COVID-related business disruptions have been teaching companies a lot about the need for disaster recovery planning. Here are the basics your company should master.
- IT disaster recovery helps maintain business activity in the event of a disruption such as a natural disaster, ransomware attack or accident.
- Disaster recovery in IT relies on having data and software duplicated somewhere that can be accessed relatively quickly to ensure business continuity.
- Choosing among the different types of IT disaster recovery plans requires understanding your organization’s needs and the resources available.
That moment when your servers go down is the wrong time to wonder what happens to your data. But if your organization has engaged in IT disaster recovery planning beforehand, this critical aspect of your business continuity shouldn’t be seriously compromised, even in the wake of natural or man-made disasters.
What Is Disaster Recovery?
Think of disaster recovery as a lifeboat that will help keep your organization afloat when a major event strikes the mother ship. IT disaster recovery supports essential business functions by regaining access to data and software after events like a natural disaster, cyberattack or accident.
Why Is IT Disaster Recovery Important?
An effective IT disaster recovery plan is part of a larger business continuity plan meant to protect your organization. With the growth of digital operations, an IT disaster recovery plan is much more than a way to keep emails flowing and printers working. With the growth of digital infrastructure, many operational systems from manufacturing to customer relationship management now rely on digital components that can be compromised. Ransomware attacks now routinely threaten all kinds of industries, from automakers to shipping. Spending time and money on an IT disaster recovery plan is becoming a best practice much more readily funded as senior management recognizes how it can result in important savings when the plan is activated.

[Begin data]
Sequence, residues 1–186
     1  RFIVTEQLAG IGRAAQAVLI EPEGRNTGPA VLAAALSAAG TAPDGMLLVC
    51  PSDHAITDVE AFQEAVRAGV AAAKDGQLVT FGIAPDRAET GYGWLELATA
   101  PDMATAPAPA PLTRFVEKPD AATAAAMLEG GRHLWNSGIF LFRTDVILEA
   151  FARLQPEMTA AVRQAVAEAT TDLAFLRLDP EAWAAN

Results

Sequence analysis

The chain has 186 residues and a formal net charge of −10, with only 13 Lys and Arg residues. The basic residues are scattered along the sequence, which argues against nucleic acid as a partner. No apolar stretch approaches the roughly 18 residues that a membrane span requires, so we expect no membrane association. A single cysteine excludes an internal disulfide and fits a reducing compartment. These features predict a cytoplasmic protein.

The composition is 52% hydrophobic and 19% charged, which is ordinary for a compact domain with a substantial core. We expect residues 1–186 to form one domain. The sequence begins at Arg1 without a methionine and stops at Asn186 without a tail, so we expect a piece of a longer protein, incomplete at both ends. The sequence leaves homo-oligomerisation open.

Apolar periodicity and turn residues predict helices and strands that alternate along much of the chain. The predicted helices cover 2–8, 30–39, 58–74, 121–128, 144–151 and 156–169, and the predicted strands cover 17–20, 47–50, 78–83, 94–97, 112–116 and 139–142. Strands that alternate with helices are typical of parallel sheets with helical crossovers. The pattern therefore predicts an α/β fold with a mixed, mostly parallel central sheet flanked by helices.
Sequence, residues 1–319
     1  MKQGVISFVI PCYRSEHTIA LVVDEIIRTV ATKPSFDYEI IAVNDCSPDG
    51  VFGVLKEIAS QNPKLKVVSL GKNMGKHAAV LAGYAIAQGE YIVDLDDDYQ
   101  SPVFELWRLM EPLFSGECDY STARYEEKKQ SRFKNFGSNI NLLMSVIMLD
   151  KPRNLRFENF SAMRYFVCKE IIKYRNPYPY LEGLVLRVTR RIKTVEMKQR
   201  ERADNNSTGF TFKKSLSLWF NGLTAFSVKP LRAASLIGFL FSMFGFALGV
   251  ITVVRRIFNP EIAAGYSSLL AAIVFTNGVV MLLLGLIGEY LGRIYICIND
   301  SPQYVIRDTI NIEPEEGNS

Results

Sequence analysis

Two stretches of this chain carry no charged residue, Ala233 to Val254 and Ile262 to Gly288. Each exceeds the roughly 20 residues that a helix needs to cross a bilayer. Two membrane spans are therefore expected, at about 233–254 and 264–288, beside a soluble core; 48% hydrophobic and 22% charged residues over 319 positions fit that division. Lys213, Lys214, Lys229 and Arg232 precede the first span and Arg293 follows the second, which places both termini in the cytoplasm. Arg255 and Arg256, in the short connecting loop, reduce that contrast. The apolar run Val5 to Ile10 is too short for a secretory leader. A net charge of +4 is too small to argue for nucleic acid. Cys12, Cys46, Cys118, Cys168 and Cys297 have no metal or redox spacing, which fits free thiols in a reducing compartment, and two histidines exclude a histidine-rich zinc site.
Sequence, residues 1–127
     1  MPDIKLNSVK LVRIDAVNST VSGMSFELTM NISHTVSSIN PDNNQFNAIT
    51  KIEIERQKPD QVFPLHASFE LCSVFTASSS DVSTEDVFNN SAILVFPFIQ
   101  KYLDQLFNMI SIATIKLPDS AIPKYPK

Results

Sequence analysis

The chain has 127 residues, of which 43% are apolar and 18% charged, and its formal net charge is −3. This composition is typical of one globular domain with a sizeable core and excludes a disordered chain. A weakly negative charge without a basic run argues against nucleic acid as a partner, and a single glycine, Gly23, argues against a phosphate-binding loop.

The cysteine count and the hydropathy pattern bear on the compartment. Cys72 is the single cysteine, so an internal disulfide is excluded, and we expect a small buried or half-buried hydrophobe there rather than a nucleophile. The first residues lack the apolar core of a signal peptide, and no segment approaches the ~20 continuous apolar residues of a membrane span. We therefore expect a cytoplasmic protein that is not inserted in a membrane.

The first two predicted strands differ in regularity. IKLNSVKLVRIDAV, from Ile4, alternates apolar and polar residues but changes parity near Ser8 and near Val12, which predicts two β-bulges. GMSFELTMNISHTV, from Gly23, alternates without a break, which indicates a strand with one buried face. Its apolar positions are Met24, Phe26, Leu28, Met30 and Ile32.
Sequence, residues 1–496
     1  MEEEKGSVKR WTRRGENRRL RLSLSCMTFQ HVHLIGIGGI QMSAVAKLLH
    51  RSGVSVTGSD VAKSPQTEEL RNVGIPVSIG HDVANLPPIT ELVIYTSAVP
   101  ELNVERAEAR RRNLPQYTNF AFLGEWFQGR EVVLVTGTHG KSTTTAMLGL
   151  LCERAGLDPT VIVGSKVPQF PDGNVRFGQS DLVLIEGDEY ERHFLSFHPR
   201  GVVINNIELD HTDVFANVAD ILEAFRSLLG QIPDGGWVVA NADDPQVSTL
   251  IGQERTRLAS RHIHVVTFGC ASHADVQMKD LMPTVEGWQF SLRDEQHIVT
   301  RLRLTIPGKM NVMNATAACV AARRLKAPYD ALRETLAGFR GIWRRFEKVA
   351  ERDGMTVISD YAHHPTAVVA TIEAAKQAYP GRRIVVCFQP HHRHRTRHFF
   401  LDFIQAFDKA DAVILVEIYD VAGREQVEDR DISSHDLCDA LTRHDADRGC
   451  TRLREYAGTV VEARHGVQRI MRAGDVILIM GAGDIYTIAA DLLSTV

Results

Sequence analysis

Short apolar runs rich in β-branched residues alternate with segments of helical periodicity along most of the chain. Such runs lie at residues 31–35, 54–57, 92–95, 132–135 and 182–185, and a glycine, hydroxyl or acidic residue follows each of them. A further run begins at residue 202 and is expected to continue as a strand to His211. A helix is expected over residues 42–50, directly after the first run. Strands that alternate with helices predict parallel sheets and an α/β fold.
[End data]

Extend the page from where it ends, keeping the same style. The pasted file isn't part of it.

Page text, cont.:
- It saves the business: Few organizations can afford the downtime brought on by a catastrophic IT failure. When there is a data breach, for example, the resulting lost business can cost companies an average of $1.5 million, according to the Ponemon Institute, including increased customer turnover, lost revenue due to downtime, and the higher cost of acquiring new business due to reputational damage. Another survey found that the stocks of companies that suffered a cyberattack dropped in the following six months.
- It saves your assets: Disaster recovery also protects your company’s intellectual property and other digital assets. The recent spate of ransomware attacks and the disruption of the sudden pandemic lockdown have increased the exposure of such assets.
- It saves money: Spending on disaster recovery can ultimately be cost-effective in other ways, too. For instance, effective disaster recovery can hold the line on expenses that follow many disasters, such as increased insurance costs and legal fees. A Deloitte study on the effects of cyberattacks found that companies faced higher insurance premiums and difficulty borrowing in financial markets, because credit rating agencies would downgrade companies that suffered an attack and lenders would charge them higher interest rates.